The bottom and top housing 42, 44 enclose electronic components that enable the mobile terminal 20 to transmit and receive telecommunication signals. A typical arrangement of these electronic components is shown schematically in FIG. 2. An antenna 54 (also visible in FIG. 1) for receiving telecommunication signals is electrically connected to a radio-frequency transceiver 60 that is further electrically connected to a controller 58, such as a microprocessor. The controller 58 is then electrically connected to a speaker 52 that transmits a remote signal from the controller 58 to a user of the radiotelephone 20. The controller 58 is also electrically connected to a microphone 56 that receives a voice signal from a user and transmits it through the controller 58 and the transceiver 60 to a remote device. In an exemplary embodiment of the present invention, the microphone 56 is physically disposed in the flip portion 22 of the housing. Alternatively, the microphone 56 can be physically disposed anywhere in the housing. In another exemplary embodiment of the present invention, the mobile terminal 20 is connected to a hands-free device (not shown in FIG. 1, but schematically represented in FIG. 4), which includes, for example, an earpiece, a microphone (with a suitable housing) and a cord connecting the signal lines associated with the earpiece and microphone to the mobile terminal via an interface.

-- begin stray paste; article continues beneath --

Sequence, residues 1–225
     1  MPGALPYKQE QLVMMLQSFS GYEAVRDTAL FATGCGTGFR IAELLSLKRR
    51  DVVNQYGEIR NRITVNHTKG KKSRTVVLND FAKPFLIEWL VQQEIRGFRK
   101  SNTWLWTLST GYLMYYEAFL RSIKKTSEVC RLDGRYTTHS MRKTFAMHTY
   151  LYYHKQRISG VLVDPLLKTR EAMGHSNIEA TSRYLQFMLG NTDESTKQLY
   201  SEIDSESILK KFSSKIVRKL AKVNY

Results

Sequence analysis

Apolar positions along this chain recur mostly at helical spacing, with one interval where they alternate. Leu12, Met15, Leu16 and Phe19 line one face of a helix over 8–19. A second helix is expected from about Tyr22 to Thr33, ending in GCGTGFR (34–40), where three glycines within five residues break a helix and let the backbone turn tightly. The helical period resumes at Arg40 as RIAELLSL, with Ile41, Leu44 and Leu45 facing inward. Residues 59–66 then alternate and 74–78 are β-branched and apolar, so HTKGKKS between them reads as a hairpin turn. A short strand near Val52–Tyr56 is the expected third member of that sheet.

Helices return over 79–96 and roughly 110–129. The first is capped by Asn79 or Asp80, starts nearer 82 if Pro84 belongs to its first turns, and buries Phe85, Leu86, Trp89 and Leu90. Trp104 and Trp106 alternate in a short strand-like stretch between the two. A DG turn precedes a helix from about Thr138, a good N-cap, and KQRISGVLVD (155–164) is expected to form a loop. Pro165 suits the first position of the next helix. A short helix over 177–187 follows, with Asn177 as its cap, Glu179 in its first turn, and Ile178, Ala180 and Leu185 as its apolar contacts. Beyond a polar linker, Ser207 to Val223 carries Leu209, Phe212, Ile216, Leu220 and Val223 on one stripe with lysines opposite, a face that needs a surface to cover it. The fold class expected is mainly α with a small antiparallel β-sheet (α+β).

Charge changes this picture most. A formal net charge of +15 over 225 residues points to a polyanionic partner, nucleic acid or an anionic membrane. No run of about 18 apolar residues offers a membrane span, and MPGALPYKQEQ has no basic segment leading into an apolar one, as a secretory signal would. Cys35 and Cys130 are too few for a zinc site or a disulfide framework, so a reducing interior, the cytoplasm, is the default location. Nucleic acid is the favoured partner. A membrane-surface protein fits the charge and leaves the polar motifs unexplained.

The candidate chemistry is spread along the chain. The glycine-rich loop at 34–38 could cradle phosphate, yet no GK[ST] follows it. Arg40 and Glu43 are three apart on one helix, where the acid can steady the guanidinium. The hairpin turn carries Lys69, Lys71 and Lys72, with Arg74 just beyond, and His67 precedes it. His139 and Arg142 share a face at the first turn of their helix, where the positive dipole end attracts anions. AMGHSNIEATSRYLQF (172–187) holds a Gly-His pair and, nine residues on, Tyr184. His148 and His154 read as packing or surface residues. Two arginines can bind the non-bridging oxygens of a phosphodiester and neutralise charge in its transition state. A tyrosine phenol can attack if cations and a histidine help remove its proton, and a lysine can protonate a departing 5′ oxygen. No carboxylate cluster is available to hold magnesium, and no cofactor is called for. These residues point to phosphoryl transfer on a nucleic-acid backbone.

The controller 58 is also electrically connected to a plurality of keypad buttons 48 and to a display window 50 that facilitate phone operation. Those skilled in the art will appreciate that radiotelephones having other electronic components are also suitable for use with the present invention.
In operation, the flip cover 22 pivots relative to the top housing 44 about the hinge 63 between a closed position and an opened position. In the closed position, the flip cover 22 overlies the top housing 44, preferably in contacting relationship. In the opened position, the flip cover 22 has “flipped” into a position in which it can assist in the acoustical transmission of the user's voice to the microphone 56 as the opposite end of the top housing 44 serves as an earpiece for the user.